365 State Legislators From 48 States and Territories Call for a National Biodiversity Strategy
May 20, 2022
Our nation and the planet are in the midst of a biodiversity crisis — States call for unified solution
Today more than 360 state legislators sent a letter to President Biden urging the creation of a National Biodiversity Strategy to address the biodiversity crisis we’re facing. As species and habitats are disappearing at record rates, we need a unified national solution. The United States is one of the only nations without such a national strategy. The bipartisan letter was signed by 365 legislators from 48 states and territories.
The letter’s release coincides with Endangered Species Day. Globally, there are around one million species at risk of extinction. The unprecedented loss in species and habitats directly impacts our security, economy, health, and well-being. Our biodiversity provides us with crucial ecosystem services needed for clean water, healthy soils, nutritious food, and clean air.
“The biodiversity crisis is not just a global phenomenon. It’s impacting plant and animal species across this nation,” said North Carolina State Representative Pricey Harrison. “There is an urgent need for a National Biodiversity Strategy so that states can act with confidence to slow the loss of the diversity of life.”
The main drivers of biodiversity loss are fueled by human activity and include habitat destruction, climate change, wildlife exploitation, pollution, and invasive species.
States and the federal government are working on addressing habitat destruction and climate change through the American the Beautiful Initiative and 30×30 legislation. This year, at least 12 states considered legislation to protect 30% of land and water by 2030.
However, for a comprehensive and national approach to the biodiversity crisis, wildlife exploitation, pollution, and invasive species must be addressed. Over the past two years, we’ve seen the impacts that overexploitation of wildlife and habitat destruction can have on public health and the economy through the COVID-19 zoonotic pandemic. With 75% of emerging diseases being zoonotic in origin, states such as Oregon and Maryland are working to prevent the next pandemic by curbing the spread of wildlife diseases and addressing wildlife trafficking within state borders.
In addition, four states have already introduced memorials or tributes in support of a National Biodiversity Strategy. The Vermont legislature has also passed a bill specifically to protect its state’s biodiversity.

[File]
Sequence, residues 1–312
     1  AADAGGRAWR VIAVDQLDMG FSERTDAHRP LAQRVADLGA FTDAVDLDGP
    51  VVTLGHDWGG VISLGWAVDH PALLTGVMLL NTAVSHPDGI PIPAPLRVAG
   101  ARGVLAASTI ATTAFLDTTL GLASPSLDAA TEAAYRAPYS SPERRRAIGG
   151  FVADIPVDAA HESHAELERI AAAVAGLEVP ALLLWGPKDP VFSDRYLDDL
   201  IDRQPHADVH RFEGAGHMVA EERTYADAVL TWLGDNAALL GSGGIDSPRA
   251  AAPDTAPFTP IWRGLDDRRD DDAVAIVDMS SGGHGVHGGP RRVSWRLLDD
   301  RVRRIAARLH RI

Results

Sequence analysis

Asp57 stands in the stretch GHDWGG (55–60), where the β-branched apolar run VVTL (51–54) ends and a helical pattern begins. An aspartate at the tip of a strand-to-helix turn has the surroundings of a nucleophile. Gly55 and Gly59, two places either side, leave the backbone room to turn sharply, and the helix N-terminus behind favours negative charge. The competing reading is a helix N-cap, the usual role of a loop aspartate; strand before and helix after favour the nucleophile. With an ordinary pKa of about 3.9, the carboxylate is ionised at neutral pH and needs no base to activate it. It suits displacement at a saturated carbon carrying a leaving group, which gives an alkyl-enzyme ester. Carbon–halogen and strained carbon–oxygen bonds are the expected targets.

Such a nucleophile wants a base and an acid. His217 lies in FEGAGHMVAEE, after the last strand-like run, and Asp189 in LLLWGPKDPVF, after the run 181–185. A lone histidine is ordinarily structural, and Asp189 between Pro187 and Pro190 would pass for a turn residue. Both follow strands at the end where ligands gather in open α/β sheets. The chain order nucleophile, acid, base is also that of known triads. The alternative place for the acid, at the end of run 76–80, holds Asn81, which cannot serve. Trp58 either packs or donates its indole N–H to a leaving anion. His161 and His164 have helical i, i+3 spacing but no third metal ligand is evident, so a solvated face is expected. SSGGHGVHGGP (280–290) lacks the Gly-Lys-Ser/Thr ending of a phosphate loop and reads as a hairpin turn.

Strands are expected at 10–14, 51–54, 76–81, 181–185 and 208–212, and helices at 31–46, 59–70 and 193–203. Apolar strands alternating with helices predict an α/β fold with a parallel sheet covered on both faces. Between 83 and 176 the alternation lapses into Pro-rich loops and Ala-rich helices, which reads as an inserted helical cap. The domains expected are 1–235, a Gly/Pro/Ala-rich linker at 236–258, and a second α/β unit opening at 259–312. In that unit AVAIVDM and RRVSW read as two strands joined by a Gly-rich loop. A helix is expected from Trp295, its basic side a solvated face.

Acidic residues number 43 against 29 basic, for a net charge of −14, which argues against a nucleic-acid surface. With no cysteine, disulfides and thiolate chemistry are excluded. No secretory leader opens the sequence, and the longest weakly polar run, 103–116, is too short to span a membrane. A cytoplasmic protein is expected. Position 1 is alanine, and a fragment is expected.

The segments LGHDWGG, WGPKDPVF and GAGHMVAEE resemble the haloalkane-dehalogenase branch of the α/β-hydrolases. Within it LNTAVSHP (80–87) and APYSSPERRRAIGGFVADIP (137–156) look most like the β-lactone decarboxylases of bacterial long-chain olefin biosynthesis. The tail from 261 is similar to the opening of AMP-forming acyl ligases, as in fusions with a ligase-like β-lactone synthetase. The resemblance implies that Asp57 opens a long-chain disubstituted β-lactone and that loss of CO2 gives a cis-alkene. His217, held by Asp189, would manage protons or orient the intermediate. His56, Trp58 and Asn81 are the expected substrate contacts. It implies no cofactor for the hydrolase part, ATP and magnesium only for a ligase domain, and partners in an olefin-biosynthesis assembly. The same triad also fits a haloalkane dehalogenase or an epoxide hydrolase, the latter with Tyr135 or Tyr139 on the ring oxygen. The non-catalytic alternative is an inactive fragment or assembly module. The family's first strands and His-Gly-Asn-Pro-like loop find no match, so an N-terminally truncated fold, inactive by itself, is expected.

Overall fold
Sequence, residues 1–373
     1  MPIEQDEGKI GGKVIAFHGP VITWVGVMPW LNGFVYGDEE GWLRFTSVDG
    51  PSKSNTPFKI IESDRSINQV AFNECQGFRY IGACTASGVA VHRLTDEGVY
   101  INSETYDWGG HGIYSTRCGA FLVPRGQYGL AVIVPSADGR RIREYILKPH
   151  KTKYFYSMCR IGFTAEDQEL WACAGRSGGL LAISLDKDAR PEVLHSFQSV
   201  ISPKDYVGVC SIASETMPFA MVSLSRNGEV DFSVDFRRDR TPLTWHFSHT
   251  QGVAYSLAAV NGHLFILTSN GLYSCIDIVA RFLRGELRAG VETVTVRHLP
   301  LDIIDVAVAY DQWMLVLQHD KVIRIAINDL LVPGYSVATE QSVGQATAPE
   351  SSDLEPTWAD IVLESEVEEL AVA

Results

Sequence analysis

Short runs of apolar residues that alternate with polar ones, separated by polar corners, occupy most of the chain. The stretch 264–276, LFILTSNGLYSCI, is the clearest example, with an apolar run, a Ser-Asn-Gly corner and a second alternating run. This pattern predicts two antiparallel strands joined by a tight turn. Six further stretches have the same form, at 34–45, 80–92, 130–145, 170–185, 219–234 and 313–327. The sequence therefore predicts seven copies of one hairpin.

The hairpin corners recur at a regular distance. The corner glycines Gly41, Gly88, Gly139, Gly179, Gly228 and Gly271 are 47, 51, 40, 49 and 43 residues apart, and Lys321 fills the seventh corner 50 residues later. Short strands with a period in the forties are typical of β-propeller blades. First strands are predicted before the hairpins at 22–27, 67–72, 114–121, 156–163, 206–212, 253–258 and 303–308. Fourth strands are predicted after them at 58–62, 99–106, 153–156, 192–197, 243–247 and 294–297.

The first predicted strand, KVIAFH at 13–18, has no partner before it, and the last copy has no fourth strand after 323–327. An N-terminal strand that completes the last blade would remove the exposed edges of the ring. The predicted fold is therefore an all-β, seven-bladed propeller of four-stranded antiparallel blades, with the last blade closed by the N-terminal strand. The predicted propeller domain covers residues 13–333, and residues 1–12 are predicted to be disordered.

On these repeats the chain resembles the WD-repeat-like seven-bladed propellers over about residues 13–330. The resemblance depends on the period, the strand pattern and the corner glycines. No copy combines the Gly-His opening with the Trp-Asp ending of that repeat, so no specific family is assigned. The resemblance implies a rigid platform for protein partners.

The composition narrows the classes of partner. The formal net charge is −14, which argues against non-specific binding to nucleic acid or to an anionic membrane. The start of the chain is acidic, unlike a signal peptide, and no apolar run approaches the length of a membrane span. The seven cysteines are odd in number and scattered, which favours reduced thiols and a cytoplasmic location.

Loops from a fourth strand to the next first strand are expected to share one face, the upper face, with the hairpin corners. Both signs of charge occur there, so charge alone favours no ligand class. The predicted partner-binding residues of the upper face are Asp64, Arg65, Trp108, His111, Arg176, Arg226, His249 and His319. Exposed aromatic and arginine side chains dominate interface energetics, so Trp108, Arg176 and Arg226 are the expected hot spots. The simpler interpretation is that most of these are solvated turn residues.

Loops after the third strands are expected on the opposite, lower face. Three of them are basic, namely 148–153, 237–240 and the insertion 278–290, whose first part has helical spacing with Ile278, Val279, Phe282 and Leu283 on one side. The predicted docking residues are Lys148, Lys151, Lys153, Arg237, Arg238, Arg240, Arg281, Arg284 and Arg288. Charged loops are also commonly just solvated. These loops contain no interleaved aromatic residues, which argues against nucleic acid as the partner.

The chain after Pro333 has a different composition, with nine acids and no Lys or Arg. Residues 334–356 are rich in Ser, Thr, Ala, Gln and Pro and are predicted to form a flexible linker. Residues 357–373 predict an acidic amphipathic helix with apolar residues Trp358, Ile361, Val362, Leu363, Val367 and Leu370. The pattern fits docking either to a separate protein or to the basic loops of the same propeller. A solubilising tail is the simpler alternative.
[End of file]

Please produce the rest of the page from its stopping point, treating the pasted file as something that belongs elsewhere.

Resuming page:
“Biodiversity refers to every living thing on earth and protecting this mosaic of life helps preserve Colorado as we know it,” said Colorado State Representative Alex Valdez. “That’s why, alongside several of my colleagues, I read a Tribute on the House floor on this issue during Earth Week 2022 to show support for a National Biodiversity Strategy.”
“Washington is part of a growing number of states introducing legislation in support of a National Biodiversity Strategy as means of reducing the catastrophic impacts associated with the rapid rate of biodiversity loss,” said Washington State Senator Liz Lovelett. “It is imperative that we do everything possible to protect biodiversity, including keystone species like our state’s beloved Southern Resident Orca and iconic salmon that are fundamental to our environment and cultural vitality. Biodiversity is essential to the security, health, and well-being of our people and planet. That’s why I support state action on this urgent issue and think this letter is so important.”
However, state action isn’t enough. Just as biodiversity doesn’t recognize state borders, this crisis cannot be solved with a piecemeal approach. States, therefore, call for a unified and united approach.
“New Mexico is a land of great biodiversity and many varied ecosystems, all of which make New Mexico a true land of enchantment,” said New Mexico Senator Mimi Stewart. “States like New Mexico are leading the call for a national biodiversity strategy to deal with the biodiversity crisis that is impacting all of our states.”
In addition to a call from 365 state legislators, the movement for a National Biodiversity Strategy is supported by environmental organizations nationwide.
“The foundation of nature and life itself is crumbling rapidly,” said Jamie Rappaport Clark, President and CEO of Defenders of Wildlife. “The Biden administration can and must take bold and unprecedented action to combat the biodiversity crisis. The message is clear from federal, state, and NGO leaders. The United States needs a national biodiversity strategy. We thank these policymakers for demonstrating the leadership with the urgency needed to address this problem.”
Only through a strategic and comprehensive approach can the U.S. government meet the scope and scale of the biodiversity crisis and help lead the world in protecting and beginning to restore nature over the coming decade. States will continue to lead through policy action, but a National Biodiversity Strategy will ensure that America reaffirms and expands its role as a leader in biodiversity conservation.
“While states are taking innovative approaches to protect biodiversity, they recognize the need for more,” said Jeff Mauk, NCEL Executive Director. “States show their true power when they come together and speak in a strong and unified voice. With 48 states and territories on this letter, the need for a National Biodiversity Strategy is clear.”
The full text of the letter and a list of signatures is available here.
Created by and for state legislators, the National Caucus of Environmental Legislators is a 501(c)(3) nonprofit that organizes over 1,000 environmentally-committed state legislators from all 50 states and both parties. NCEL provides venues and opportunities for lawmakers to share ideas and collaborate on environmental issues.